Speech vs. 'threats' case weaves web of uncertainty
The trial of a man accused of terrorist remarks against a church[sic] has been
delayed so that applicationof the law to the Internet can be worked out.
By Jose Arballo Jr.and Karin Marriott
The trial of a man accused of making terrorist threats against the Church
of Scientology's film studio near San Jacinto has been delayed as both
sides debate the constitutionality of the law he's accused of breaking and
its application to Internet postings.
And both sides have different opinions on whether the misdemeanor case
is unique and could have wide-reaching affects on free speech.
Keith Henson of Palo Alto is charged with two misdemeanor counts of
making terrorist threats and one count of attempting to make terrorist
threats. Henson is charged with making the alleged threats on an anti-
Scientologist news group Web site and while outside the church's Golden Era
Productions complex while he was picketing.
One legal expert said postings on Internet sites are subject to the
same laws as other speech, but he also cautioned against taking Internet
discourse too seriously.
"You need to keep in mind that the culture on the Internet is one
that statements are strongly stated. Beliefs are strongly held and
expressed. Some leeway needs to be given," said Robert C. Lind, professor
of law at Southwestern University School of Law and associate director of
the National Institute of Entertainment and Media Law.
Prosecutors contend the case against Henson is simple. They say the
58-year-old electrical engineer went too far in his criticism of the
organization, both while picketing and on the Internet. Deputy District
Attorney Thomas Gage said specific threats were made against some
employees, leaving them in fear for their safety.
"I don't think this is a novel application of the law," said Gage, head of
the Riverside County District Attorney's Hemet office. "I think it is kind
of unusual. It deals with First Amendment rights. We don't deal with a lot
of cases like that.
"It is like writing something on the sidewalk that threatens someone.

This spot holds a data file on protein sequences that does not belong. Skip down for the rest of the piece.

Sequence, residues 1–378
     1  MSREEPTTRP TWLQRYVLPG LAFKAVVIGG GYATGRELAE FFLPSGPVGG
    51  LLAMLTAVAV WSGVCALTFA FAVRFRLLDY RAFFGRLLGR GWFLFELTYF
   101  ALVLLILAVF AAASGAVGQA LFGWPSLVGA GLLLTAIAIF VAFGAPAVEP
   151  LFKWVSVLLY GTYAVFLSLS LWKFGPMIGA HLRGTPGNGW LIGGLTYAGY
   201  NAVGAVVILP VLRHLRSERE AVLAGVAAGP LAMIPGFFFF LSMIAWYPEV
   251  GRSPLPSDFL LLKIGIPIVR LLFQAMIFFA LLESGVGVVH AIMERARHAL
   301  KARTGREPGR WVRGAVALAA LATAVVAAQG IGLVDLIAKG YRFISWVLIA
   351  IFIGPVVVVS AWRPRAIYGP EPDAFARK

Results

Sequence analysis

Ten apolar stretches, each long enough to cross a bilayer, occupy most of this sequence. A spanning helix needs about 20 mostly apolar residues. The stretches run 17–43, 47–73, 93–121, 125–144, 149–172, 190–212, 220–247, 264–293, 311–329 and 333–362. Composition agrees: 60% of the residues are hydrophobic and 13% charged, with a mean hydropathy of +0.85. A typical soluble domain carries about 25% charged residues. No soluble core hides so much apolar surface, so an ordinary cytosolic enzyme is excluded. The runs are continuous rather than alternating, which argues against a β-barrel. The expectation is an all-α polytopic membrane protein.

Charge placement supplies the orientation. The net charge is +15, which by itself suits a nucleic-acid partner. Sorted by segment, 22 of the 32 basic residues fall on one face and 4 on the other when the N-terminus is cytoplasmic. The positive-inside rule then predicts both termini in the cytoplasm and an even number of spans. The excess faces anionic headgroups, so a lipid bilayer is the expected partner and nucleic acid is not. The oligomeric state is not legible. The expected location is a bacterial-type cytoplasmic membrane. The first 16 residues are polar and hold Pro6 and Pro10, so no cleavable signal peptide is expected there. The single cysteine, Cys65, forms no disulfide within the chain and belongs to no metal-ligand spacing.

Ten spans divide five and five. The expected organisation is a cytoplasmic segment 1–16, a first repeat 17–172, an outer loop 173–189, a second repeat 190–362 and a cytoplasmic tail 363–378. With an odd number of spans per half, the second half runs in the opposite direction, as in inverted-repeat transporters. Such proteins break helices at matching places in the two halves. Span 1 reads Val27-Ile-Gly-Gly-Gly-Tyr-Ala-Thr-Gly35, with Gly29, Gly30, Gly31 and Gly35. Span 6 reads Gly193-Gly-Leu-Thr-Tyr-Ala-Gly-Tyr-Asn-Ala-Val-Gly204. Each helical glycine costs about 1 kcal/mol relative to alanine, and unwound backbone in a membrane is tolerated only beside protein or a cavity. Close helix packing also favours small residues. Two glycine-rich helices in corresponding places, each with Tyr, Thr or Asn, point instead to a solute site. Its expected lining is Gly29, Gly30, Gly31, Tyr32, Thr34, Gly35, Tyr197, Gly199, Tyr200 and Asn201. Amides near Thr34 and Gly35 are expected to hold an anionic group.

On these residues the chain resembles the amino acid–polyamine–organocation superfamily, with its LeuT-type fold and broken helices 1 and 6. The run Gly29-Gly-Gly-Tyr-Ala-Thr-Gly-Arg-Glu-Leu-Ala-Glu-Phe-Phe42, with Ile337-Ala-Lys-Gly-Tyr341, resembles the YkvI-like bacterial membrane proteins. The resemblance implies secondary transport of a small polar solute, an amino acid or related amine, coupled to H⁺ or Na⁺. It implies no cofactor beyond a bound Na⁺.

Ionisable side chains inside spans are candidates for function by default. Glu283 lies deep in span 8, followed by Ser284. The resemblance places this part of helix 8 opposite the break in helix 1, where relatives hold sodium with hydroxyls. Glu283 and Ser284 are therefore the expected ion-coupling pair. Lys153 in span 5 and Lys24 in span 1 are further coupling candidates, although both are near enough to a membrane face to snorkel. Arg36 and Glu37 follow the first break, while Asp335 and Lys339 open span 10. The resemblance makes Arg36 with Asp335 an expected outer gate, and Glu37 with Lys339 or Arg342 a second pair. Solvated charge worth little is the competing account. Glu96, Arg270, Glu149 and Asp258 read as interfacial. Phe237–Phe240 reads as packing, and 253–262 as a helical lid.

They make a statement and it is written down somewhere. It is designed to
have an affect on the other party."
Graham E. Berry, co-counsel for Henson, said he sees the case as having
a potentially precedent-setting impact on free speech.
"If the church succeeds with the prosecution (of Henson), it will
have created new law capable of being used to limit . . . free speech
and public discussion on the Internet," Berry said.
Berry, who has litigated against Scientology for more than 10 years,
said anti-terrorist statutes are not appropriate in this case because
"the evidence is clear that Mr. Henson has not made terrorist threats
"None of his postings urge the use of terrorist acts against the
church," Berry said.
Both sides were in Hemet Superior Court on Monday to make pre-trial
motions when Judge Rodney L. Walker delayed the proceedings. Walker said
he was concerned about starting the trial, going through evidence, then
asking the jury to wait as attorneys argued over the constitutionality
of the law "given the facts of the case."
Walker said part of the case involves free-speech issues and there were
some questions over whether Henson's rights would be violated. Walker
asked attorneys to return Dec. 8 with an agreement on facts of the case
and written arguments -- 15 pages or fewer in length -- on the
constitutionality of the law.
Walker indicated the case could drag on into the new year and released the jury pool that had been gathered to possibly hear the case. Gage said the case involves more than the Internet postings, which he declined to describe. The Internet, he said, "is only one part of this case." The statements made on the anti-Scientology site, combined with the threats allegedly made while Henson picketed outside the Gilman Hot Springs facility, "raises the level of the offense." "If the person making the threatening statements is right in front of you, then it changes things," he said. Lind agreed, saying one key is the imminent nature of the alleged threat. "If the person is making the threats in Paris, then it would seem the level of the threat is lessened than if the threat is made by someone in Los Angeles or, say, Riverside County," he said. Berry said the case is an attempt by Scientology to curb Henson's right to free speech. The church turned Henson's Internet postings over to prosecutors, which prompted the charges. The church has filed eight lawsuits against Henson, Berry said. In 1998, Golden Era went to court to bar Henson from picketing at the facility. A temporary restraining order was issued, but a judge later ruled that Henson was entitled to picket at the complex. Lind said it is possible that powerful institutions could use the law to pressure authorities to file criminal charges against critics. He said there has been a subtle shift in society to stifle speech that is not politically correct. In some cases, he said, students have been punished by school officials for writing and posting fictional works that upset other classmates. Lind said there has always been restrictions on certain speech, including that which is considered obscene, slanderous or incites harm to others. But authorities must be careful in their application of the law, he said. "The law, as it is applied, seems to be increasingly concerned with political correctness," he said. "Communications does not require self- censorship." Jose Arballo Jr. can be reached by e-mail at email@example.com or by phone at (909) 487-5229. Karin Marriott can be reached by e-mail at firstname.lastname@example.org or by phone at (909) 487-5230. Published 11/5/2000